Loving Heavenly Father,
We thank you for the blessings you are bestowing upon the Catholic Church in Korea, 
a church begun without the help of missionaries.
We thank you for the visit of Pope Francis, the apostle of peace, to Korea and for the beatification of Korean martyrs.
Moreover, we thank you for the opportunity of New Evangelization,
with the gathering of the Asian youths for the Asian Youth Day in Korea.

Help us to imitate the spirit of the martyrs and strive with renewed
enthusiasm for the faith so that the Gospel permeate our lives, as
well as the life of the Church and of the society.
Gather us into a community of the culture of life, of charity and
of peace, accompanying our poor neighbors, who suffer and are
neglected, and sharing the light of faith.

Bring about peace on the Korean peninsula through reconciliation and
unity of our people by the power of the Gospel message.
Thus, may we dedicate ourselves to the evangelization of Asia and
let your light and glory shine forth on all the world.
We ask this through Christ our Lord. Amen.

Mary, Immaculately Conceived, and St Joseph, who are patrons of
the Church in Korea,
Pray for us.
All the martyr saints of Korea,
Pray for us.

Prayer originally found on the Pastoral Visit website.

Fr. Federico Lombardi of Vatican Press Office Statement on Christians in Iraq

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Statement of Fr. Federico Lombardi SJ regarding  the situation of Christians in Iraq

August 7, 2014

The Holy Father is following with deep concern the dramatic news reports coming from northern Iraq, which involve defenseless populations. Christian communities are particularly affected: a people fleeing from their villages because of the violence that rages in these days, wreaking havoc on the entire region.

At the Angelus prayer on July 20th, Pope Francis cried with pain: ?[O]ur brothers and sisters are persecuted, they are pushed out, forced to leave their homes without the opportunity to take anything with them. To these families and to these people I would like to express my closeness and my steadfast prayer. Dearest brothers and sisters so persecuted, I know how much you suffer, I know that you are deprived of everything. I am with you in your faith in Him who conquered evil!?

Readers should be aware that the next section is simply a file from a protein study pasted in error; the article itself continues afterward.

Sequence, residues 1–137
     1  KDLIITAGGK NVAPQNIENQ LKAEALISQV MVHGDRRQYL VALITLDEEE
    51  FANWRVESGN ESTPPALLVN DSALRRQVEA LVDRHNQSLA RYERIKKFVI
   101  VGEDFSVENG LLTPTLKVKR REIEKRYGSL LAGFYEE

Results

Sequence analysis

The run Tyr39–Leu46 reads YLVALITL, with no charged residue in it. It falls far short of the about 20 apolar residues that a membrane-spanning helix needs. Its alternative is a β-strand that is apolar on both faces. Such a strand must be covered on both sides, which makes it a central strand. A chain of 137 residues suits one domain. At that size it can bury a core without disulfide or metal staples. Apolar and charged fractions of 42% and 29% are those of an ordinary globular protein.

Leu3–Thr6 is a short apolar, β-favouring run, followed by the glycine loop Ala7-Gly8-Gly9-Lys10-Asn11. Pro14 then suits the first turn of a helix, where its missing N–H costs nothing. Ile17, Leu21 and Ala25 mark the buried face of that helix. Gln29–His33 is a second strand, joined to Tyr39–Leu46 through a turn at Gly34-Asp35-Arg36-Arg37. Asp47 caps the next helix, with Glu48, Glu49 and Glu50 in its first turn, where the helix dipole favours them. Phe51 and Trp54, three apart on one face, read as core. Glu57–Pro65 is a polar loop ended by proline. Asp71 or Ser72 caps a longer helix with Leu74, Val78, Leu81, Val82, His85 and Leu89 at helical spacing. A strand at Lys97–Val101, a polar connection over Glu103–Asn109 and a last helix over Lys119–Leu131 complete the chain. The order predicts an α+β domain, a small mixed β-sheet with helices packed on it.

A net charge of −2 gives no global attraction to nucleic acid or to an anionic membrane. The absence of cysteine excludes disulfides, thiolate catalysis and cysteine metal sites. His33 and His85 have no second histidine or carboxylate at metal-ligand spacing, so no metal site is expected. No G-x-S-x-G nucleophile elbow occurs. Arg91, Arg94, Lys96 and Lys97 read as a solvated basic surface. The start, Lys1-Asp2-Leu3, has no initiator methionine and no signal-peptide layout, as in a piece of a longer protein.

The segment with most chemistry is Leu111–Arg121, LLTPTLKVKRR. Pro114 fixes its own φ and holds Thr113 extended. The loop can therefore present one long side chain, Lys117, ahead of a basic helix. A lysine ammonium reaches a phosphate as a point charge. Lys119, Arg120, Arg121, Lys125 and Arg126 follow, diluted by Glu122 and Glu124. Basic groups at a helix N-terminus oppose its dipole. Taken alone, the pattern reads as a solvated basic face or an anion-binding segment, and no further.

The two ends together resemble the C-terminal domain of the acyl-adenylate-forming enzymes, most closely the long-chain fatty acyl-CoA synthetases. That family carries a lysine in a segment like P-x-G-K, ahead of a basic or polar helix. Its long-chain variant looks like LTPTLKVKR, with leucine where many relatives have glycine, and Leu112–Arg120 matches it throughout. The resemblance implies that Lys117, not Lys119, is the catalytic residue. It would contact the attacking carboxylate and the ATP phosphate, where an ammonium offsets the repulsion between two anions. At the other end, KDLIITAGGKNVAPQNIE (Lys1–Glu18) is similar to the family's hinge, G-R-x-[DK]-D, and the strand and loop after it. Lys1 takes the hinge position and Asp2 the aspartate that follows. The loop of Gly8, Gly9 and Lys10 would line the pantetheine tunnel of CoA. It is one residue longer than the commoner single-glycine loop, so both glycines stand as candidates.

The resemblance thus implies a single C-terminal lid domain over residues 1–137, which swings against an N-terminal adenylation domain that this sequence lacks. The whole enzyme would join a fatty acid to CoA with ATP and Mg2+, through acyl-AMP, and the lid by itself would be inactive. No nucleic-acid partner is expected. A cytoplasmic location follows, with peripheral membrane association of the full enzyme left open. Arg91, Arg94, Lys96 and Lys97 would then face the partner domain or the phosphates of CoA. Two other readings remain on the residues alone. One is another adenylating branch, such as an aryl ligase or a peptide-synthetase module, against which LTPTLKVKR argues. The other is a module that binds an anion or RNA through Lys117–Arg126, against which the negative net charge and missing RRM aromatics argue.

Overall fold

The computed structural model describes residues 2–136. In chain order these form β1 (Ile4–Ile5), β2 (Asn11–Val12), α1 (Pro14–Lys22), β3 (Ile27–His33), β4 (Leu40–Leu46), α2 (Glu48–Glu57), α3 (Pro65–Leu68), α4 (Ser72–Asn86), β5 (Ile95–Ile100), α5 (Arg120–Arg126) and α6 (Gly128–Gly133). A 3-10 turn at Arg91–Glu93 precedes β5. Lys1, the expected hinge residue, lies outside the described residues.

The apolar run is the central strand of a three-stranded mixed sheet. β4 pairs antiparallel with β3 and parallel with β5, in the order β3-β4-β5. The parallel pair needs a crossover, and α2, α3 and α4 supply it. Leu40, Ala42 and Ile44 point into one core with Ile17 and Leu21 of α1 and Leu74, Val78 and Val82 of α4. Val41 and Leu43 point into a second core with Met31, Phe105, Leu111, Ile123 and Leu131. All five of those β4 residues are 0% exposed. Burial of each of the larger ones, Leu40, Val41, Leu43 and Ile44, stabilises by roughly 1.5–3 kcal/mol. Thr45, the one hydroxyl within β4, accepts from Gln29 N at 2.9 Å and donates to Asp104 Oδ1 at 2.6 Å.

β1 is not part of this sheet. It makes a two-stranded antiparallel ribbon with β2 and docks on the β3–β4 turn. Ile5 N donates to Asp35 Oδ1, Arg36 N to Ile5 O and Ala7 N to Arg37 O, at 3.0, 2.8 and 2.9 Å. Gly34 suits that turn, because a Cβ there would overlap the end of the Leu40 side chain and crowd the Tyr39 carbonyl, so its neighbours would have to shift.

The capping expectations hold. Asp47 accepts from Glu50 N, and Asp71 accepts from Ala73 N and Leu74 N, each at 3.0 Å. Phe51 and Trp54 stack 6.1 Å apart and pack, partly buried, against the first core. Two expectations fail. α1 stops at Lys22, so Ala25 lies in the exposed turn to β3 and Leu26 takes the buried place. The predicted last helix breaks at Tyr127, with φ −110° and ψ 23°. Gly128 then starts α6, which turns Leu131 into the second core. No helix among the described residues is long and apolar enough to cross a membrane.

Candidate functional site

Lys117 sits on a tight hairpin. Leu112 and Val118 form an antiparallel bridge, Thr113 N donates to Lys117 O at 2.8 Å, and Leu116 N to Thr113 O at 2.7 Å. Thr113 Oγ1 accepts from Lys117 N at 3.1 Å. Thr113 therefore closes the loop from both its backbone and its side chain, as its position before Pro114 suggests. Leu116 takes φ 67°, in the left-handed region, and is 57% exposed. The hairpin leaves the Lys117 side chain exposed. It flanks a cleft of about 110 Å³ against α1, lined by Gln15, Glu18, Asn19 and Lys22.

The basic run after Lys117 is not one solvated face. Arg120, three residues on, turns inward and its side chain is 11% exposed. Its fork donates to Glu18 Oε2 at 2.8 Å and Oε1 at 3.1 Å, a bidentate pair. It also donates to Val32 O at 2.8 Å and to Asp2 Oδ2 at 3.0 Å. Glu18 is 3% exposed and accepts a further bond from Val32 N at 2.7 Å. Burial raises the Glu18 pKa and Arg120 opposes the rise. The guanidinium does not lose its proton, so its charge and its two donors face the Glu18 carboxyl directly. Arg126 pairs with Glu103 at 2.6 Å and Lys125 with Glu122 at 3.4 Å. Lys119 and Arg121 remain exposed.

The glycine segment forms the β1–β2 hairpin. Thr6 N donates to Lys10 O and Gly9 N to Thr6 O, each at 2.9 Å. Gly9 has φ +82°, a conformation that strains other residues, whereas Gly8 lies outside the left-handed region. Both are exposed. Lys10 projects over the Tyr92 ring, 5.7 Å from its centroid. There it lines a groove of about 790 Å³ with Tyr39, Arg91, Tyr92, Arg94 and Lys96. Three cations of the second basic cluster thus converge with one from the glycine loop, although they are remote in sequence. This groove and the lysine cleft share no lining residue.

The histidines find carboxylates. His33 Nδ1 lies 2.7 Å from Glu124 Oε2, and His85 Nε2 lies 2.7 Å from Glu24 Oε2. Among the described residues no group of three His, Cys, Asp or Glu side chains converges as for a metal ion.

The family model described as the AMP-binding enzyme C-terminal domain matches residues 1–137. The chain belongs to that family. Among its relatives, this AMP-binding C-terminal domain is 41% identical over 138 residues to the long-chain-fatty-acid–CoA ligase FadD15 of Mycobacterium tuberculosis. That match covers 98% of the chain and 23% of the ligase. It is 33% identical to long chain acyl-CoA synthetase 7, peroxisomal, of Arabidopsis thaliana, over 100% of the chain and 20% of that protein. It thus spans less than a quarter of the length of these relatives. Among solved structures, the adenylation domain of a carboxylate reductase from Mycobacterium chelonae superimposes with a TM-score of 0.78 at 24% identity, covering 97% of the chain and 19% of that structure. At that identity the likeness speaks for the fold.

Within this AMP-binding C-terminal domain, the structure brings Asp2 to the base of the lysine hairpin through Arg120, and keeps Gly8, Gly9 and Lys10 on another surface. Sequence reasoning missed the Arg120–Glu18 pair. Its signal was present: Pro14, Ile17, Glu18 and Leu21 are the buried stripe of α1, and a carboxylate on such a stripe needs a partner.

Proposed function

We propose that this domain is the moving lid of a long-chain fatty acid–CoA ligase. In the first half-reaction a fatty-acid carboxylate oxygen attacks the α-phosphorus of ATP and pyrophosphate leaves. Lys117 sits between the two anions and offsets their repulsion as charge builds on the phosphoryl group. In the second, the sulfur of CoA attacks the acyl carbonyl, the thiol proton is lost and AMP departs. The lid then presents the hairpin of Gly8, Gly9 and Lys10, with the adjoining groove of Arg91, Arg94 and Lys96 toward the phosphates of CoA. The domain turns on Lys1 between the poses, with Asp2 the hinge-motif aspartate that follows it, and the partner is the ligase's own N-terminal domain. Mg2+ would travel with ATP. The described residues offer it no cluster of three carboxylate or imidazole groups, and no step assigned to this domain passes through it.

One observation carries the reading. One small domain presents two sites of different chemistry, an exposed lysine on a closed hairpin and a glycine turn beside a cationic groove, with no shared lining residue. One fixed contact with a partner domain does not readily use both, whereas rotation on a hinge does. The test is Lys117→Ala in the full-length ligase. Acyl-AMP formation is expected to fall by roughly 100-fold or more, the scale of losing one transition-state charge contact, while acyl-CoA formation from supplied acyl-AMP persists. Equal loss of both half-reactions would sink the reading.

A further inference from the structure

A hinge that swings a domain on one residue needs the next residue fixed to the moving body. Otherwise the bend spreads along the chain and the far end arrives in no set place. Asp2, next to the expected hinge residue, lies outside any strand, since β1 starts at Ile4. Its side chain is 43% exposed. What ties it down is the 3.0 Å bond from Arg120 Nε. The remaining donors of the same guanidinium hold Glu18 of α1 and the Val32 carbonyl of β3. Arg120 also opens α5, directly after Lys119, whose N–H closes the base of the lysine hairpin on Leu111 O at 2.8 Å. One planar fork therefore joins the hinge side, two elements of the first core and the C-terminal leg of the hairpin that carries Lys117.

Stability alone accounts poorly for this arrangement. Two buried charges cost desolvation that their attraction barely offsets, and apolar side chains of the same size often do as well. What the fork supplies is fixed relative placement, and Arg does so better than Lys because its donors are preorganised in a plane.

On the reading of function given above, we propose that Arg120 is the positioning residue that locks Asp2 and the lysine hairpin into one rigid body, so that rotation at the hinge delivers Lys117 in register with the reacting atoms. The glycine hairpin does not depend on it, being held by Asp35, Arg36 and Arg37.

In light of these terrible developments, the Holy Father renews his spiritual closeness to all those who are suffering through this painful trial, and makes the impassioned appeals of the local bishops his own, asking together with them in behalf of their sorely tried communities, that the whole Church and all the faithful raise up with one voice a ceaseless prayer, imploring the Holy Spirit to send the gift of peace.

His Holiness urgently calls on the international community to protect all those affected or threatened by the violence, and to guarantee all necessary assistance ? especially the most urgently needed aid ? to the great multitude of people who have been driven from their homes, whose fate depends entirely on the solidarity of others.

The Pope also appeals to the conscience of all people, and to each and every believer he repeats: ?May the God of peace create in all an authentic desire for dialogue and reconciliation. Violence is not conquered with violence. Violence is conquered with peace! Let us pray in silence, asking for peace; everyone, in silence…. Mary Queen of peace, pray for us! (Angelus, July 20, 2014)?

Perspectives Daily – Tues. April 8, 2014

Today on Perspectives, Pope Francis appoints a new Bishop for the Diocese of Peterborough, daily mass from Domus Sanctae Marthae and a look at prayer in lent.